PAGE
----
The larger Meteora site has 7 monasteries, and, though we at least saw all of them from a distance, we only actually went in 3. The insides of the monasteries are covered with beautiful Byzantine paintings and icons, portraying Christ, the saints, and various scenes from the Bible. One thing that struck me in particular is how similar these pieces are between all the Orthodox churches. The artwork in these monasteries provides a perfect example of how widespread and uniform the images of Byzantine Orthodox art were, across Greece as well as Europe at large.
As if the incredible hiking, landscape, and monasteries weren’t enough, we also managed to find a few restaurants in Meteora with absolutely incredible Greek food. After hiking up mountains all day, you work up quite an appetite, and the gigantes (giant beans in tomato sauce) and Greek eggplant certainly didn’t disappoint. All in all, everything about the trip to Meteora just made fall in love with this country more. ☺

A Meteora Monestary

Coming home to Greece and Final Thoughts on Jordan

Although the adventures in Jordan were incredible, by the end of the trip I was definitely homesick for Greece. I really feel like Greece is my home now and I have no idea how I will ever be able to leave at the end of May. Here’s a quick recap of the end of the Jordan Spring Break trip.
After leaving Dana Nature Reserve, we headed north to the Dead Sea where we made a brief detour at a canyon called Wadi Mujib. Even though we only stopped to take pictures, my travel buddy Shea and I ended up making a spontaneous decision to adventure into the canyon. What you need to know is that Wadi Mujib is not like any ordinary canyon. Instead of a normal dirt trail leading you inland, there is a river with big rocks and rapids that you have to swim climb up and rappel down in order to get to the waterfall at the end. After all was said and done and we emerged from the canyon soaking wet, Shea and I agreed that this was hands down our favorite part of the trip: We loved the adventure of fighting through rapids and pulling ourselves through the water with the safety ropes to reach our final destination.

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After the Wadi Mujib, we continued on our way to the Dead Sea, where we got to experience the famous mud baths that the area is famous for. To clarify how a real mud bath is done, you wade in the shallow water of the sea, scope out a pocket of the thick, goopy mud, slather it all over yourself, and wait 10 to 15 minutes before washing it all off in one of the beach showers. After the whole experience, my skin felt prickly, but very smooth. ☺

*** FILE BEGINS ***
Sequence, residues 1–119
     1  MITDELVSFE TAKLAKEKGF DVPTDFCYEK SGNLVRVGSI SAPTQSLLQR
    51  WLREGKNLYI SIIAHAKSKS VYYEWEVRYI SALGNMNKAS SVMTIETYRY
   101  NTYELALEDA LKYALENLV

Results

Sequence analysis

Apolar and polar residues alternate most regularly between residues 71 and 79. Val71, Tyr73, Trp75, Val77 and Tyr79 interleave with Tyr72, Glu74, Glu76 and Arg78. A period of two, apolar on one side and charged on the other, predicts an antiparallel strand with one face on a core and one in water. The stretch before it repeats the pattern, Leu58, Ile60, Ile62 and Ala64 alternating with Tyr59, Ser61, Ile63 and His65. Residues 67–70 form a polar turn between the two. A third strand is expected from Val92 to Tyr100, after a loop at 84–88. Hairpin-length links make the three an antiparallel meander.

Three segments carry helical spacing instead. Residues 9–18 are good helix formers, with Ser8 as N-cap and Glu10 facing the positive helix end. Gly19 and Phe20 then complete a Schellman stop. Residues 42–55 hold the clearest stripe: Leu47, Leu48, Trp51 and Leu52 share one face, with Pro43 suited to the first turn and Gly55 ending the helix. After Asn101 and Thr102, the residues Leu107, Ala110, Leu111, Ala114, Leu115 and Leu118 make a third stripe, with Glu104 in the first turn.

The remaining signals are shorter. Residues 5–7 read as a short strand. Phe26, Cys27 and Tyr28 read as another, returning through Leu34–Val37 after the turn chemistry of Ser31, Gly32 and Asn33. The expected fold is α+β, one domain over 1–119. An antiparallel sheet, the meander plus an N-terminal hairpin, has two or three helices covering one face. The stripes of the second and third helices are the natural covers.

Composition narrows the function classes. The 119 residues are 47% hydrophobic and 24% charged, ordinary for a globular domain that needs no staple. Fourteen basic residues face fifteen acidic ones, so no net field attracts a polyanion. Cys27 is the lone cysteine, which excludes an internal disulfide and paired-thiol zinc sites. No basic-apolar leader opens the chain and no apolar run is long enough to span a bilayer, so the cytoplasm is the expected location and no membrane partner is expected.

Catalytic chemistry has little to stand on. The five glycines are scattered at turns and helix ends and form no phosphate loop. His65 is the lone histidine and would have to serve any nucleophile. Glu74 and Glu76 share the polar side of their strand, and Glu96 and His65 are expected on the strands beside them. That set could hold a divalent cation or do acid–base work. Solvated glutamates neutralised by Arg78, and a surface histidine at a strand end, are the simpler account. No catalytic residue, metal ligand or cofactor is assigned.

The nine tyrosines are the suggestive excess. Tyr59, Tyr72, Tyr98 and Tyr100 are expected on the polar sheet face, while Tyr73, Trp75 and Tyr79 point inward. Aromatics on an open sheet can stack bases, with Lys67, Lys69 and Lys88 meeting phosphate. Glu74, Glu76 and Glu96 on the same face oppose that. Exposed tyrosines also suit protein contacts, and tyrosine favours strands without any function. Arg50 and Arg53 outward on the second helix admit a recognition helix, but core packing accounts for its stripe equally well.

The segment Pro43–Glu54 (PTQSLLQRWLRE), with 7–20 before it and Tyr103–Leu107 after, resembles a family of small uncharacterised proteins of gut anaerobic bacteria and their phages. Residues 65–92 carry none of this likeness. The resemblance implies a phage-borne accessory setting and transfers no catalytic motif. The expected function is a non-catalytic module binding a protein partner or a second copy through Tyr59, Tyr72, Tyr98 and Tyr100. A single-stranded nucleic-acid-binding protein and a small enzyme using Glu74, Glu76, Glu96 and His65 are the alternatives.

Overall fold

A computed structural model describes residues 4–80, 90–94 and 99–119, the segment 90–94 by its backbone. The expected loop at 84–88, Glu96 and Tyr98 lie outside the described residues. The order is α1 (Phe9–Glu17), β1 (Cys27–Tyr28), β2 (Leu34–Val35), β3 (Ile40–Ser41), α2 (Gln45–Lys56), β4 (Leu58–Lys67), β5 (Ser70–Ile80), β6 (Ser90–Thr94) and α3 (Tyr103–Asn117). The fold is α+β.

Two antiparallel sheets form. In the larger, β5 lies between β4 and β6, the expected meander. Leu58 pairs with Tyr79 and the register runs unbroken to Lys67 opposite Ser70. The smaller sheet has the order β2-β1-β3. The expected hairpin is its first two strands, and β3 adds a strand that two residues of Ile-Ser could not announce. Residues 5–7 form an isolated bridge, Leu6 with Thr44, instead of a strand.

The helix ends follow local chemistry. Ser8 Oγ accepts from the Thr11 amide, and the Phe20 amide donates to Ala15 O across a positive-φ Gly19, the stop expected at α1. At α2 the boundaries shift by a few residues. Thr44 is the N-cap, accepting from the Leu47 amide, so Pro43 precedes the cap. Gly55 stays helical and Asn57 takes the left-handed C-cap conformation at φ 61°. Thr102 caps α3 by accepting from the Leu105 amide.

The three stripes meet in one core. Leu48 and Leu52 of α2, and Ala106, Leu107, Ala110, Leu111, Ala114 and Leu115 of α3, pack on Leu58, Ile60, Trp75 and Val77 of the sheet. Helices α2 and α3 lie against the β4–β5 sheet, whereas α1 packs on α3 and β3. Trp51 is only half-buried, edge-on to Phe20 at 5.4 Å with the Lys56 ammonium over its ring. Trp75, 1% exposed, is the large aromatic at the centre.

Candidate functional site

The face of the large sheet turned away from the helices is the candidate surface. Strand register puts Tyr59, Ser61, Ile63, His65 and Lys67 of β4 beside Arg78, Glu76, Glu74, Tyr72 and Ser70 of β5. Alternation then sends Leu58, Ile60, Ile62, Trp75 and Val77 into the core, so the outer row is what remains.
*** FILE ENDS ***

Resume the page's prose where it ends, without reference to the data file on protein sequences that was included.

I also got to enjoy floating in the water with some local Jordanians. Since the concentration of salt so high, it is impossible to completely submerse yourself. It felt bizarre to try to push myself underwater only to spring back up like I was on a trampoline. Floating in the Dead Sea is something I would definitely recommend to anyone traveling to Jordan.

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Finally, we finished our travels in Amman, where we stayed two nights in the city center. While there, we met up with a friend who has been studying abroad in Amman for the past year. Hearing about his experiences helped me appreciate some of the main differences between Greece and Jordan. For one thing, my friend said that the strongly conservative Muslim influence made his adjustment from the US to Jordan harder for him than mine was into Greece, where Greek Orthodoxy is practiced loosely, but the people are more western. A particularly obvious example of the conservatism is in dress: Jordanian women are expected to stay fully covered, despite the hot weather. Also in Amman, I felt very acutely that I was in the minority, something that I am not used to feeling in America and Greece. Just walking down the street, my friend and I were stared at, talked to, and asked to take pictures by nearly every person that passed (all men). It was a strange feeling, to say the least. The whole experience made me really appreciate what it feels like to be an outsider. As a pre-health student, Prof. Prokopow has often mentioned the importance of cultural sensitivity in caring for patients. After my experience in Jordan, I will definitely see minorities and other cultures with a new appreciation and understanding of how alienating it can feel to be different.
Until Next Time!

Jordan: Meandering around the Middle East

dream come true. outside of the treasury of Petra
dream come true. outside of the treasury of Petra